The Black Sabbath album Tony Iommi called a “nightmare”

For rock music, Black Sabbath set a new standard at the start of the 1970s. Throughout the colorful and turbulent 1960s, rock music managed to carve out ever-tinier niches for itself. Ozzy Osbourne’s quartet from Birmingham advanced the heavy rock sound of Led Zeppelin with correspondingly sinister, demonic overtones, as the genre’s spread continued throughout the 1970s.

Sabbath raised the standard for themselves and their early heavy metal peers, Deep Purple and Led Zeppelin, with their self-titled first album released in 1970. These three bands are commonly considered the “Unholy Trinity” in retrospect, even though the latter is more easily linked to the prog-rock movement.

Even if Black Sabbath had broken up after their self-titled album, their hits like “N.I.B.” and “The Wizard” would have made them a household name thanks to an unbreakable record. Fortunately, the group continued to make music throughout the early 1970s, putting out some equally well-received and significant albums, including Sabbath Bloody Sabbath, Master of Reality, Vol. 4, and Paranoid.

After Sabbath Bloody Sabbath arrived in 1973, Osbourne started to get disinterested in the band’s artistic approach. When the band issued Sabotage two years later, there was a clear loss of cohesion, which was indicative of internal struggle. A contentious legal drama and the members’ escalating drug and alcohol problems at the time were aggravating factors.

Guitarist Tony Iommi recalled Sabotage as a particularly trying time for the group in a 2023 interview with Louder Sound. He remarked, “Oh, it was a nightmare.” “We had a court case with our ex-manager, Patrick Meehan [who had recently been replaced by been replaced by Don Arden], while we were in the middle of making the album. We’d get a writ, and we’d end up having to go into bloody court in the morning, all dressed up, then try to get back to the studio afterwards to carry on working. It was hard to come up with things. You had to have two heads.”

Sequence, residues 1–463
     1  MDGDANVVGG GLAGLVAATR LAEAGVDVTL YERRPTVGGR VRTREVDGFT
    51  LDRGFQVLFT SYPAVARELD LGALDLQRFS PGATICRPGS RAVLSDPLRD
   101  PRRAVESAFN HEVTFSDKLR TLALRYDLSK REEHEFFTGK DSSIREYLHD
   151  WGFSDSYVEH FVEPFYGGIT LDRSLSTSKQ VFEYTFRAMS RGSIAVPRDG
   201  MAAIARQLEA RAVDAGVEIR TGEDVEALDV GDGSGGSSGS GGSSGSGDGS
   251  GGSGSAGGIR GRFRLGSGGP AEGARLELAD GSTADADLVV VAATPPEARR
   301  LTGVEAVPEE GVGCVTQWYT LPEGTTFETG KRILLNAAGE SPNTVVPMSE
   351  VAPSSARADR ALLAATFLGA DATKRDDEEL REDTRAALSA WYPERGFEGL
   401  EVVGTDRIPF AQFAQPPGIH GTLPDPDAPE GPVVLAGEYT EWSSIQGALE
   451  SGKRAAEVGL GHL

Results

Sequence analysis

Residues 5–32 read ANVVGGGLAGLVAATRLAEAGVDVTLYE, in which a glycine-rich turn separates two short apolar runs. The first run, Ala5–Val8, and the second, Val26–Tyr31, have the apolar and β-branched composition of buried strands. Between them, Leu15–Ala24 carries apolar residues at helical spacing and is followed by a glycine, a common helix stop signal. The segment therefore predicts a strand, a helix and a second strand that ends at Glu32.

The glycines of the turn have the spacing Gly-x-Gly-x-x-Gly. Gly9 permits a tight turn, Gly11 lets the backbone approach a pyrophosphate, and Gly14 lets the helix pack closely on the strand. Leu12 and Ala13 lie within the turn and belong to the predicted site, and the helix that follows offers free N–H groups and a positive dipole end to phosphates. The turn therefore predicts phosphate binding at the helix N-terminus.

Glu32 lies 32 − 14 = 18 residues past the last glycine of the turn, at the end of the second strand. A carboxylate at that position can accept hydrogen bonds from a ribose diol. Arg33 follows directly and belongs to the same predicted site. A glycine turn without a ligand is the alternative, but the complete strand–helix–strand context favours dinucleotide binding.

Iommi said that although the court case disrupted recording sessions, composer Geezer Butler found inspiration from the incident. He continued, “[Geezer] wrote one song called ‘The Writ’, so it influenced him, that’s for sure,” Iommi continued. “I think the aggression definitely came out in the music when we played together. There is some really heavy stuff on that record.”

Below, you may listen to “The Writ” by Black Sabbath. The inspiration for the song came from a lawyer who would show up out of the blue during practice to deliver legal documents to the band. Iommi commented, “They used to turn up all the bloody time, We never knew they were coming. If we did, we’d have disappeared sharpish.”


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